Advantages: Stephen Fry's wit and banter
Disadvantages: none really
I really did not get this at first!
Now I like quiz shows, especially ones that are a little more challenging, like appropriately enough University Challenge. I take them seriously to the point of annoying anyone else in the room with me.
"Listen to the question"
"Think about it and you'll get the answer"
Now when I am reading, I tend to have the telly on as well, some sort of strange multi-tasking thing going on. And on one of the days I was reading and had the telly on, one program had merged into another and at this particular instance QI happened to be on. Whilst reading, I could hear the questions being read out and was muttering the answers to myself. Eventually it dawned on me that, Mr Stephen Fry, the host, quizmaster, MC, or general Mr Big Brain was saying the 'right' answers were in fact wrong. So my attention turned away from my book, towards the programme, and as I was effectively now watching a programme halfway through, I didn't understand the format. Without sounding arrogant, I was convinced the right answers were right and could not understand why Fry was marking them as wrong. Infact, the programme just seemed to be a big free for all piss-take of regular guest Alan Davies. In short it looked like my beloved quiz show genre had turned into a night at the pub.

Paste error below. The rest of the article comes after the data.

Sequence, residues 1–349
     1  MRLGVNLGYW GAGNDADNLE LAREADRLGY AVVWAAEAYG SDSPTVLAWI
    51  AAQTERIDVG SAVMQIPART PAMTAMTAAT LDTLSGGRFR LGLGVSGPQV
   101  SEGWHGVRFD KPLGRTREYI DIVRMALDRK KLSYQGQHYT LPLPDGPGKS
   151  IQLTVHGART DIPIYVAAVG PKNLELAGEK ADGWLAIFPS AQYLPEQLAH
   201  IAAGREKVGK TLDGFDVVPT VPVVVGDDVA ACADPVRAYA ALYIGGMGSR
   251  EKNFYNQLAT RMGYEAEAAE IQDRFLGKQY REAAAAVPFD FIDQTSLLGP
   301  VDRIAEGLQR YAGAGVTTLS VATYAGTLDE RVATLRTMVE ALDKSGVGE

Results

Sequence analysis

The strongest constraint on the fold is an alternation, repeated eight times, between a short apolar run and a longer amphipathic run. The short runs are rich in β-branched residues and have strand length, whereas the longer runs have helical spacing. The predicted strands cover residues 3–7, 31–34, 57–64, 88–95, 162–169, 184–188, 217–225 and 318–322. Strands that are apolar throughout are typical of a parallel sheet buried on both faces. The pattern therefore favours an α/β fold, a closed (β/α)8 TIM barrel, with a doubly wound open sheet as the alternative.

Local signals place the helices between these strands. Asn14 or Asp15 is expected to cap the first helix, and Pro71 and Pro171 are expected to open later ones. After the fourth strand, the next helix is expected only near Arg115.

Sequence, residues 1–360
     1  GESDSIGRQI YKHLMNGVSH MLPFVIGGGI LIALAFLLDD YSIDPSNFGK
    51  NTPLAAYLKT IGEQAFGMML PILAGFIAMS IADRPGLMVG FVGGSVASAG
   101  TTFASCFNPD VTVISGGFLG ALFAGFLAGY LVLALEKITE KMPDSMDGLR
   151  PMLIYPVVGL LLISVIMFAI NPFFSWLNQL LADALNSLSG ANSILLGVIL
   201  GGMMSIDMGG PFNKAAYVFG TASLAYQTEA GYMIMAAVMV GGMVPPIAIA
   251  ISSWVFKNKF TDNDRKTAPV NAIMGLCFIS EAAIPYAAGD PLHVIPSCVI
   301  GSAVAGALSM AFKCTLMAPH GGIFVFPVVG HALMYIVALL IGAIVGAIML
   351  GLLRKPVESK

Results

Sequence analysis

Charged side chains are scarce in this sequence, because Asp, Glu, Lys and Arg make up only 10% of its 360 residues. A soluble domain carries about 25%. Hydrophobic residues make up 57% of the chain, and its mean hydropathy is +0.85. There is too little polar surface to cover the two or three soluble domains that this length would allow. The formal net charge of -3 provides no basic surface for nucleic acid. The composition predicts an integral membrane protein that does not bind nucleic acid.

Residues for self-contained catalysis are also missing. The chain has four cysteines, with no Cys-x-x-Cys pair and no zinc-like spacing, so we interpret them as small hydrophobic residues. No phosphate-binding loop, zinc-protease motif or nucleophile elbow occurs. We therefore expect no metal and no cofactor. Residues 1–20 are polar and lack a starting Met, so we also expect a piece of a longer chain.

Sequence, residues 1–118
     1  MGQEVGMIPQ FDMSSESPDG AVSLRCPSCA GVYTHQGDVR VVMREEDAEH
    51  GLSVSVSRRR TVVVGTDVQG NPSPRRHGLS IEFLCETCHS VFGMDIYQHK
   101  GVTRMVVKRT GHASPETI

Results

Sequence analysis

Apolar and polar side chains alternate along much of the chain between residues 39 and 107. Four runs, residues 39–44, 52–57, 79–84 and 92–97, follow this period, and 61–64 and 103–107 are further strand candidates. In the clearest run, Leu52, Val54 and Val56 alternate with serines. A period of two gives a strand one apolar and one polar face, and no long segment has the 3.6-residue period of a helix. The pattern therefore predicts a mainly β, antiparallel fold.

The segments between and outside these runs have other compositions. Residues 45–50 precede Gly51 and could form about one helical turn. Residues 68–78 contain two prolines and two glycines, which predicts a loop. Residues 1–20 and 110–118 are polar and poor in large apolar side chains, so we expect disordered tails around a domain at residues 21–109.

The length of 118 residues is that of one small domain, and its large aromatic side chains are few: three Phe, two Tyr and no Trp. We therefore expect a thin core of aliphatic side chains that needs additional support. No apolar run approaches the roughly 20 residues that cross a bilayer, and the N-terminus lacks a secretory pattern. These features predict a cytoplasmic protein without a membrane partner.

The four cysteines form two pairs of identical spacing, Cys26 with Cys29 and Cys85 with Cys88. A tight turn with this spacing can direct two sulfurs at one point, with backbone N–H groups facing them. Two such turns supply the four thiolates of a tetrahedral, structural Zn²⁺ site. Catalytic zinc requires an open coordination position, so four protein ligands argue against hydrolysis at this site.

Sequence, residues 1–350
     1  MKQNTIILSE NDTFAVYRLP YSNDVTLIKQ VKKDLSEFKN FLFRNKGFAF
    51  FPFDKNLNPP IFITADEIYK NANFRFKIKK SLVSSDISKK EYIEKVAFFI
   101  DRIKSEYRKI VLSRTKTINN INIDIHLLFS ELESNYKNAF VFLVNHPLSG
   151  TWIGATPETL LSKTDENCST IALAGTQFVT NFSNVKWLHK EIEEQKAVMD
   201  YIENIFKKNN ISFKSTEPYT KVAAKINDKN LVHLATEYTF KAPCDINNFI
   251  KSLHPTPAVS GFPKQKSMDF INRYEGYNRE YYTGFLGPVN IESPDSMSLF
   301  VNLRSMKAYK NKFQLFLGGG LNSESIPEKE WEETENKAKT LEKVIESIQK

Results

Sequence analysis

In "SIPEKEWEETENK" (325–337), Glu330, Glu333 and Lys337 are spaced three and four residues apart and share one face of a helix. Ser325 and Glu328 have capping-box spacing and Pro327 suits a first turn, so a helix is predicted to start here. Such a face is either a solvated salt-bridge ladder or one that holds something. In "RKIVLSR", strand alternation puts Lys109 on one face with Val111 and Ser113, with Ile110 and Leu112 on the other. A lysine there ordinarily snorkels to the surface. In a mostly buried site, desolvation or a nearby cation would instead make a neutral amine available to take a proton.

Fast forward to another time and a colleague is raving about this QI program and how FUNNY and INTERESTING it is, in fact "QUITE INTERESTING."
I told him about my experience.
And he explained, the whole point of the show is not for the answer to be necessarily right, but to be interesting and witty, and yes many of the questions asked are those where we think we know the right answer, but the generally accepted right answer is something of a myth. The show is meant to be enjoyed for its banter and wit flying around, mainly at the expense of the permanent guest and stooge to Stephen Fry, the token non-intellectual, i.e. Alan Davies. The proper guests (across the range of series, perhaps not on this DVD) are drawn from the world of comedy and the highbrow end of lowbrow TV, so expect guests like Doon Mackichan, Jo Brand, Bill Bailey, Jimmy Carr, John Sessions, Dara O'Briain. One regret of this show though is that many of the guests, whilst having moments of humour and interest about them are really rather annoying, arrogant and unfunny people such as Sean Lock, Clive Anderson, Jeremy Clarkson, Rob Brydon, and Danny Baker, but don't worry all is saved by the continuing banter between Stephen Fry and Alan Davies.
Summary: Light relief for quiz fans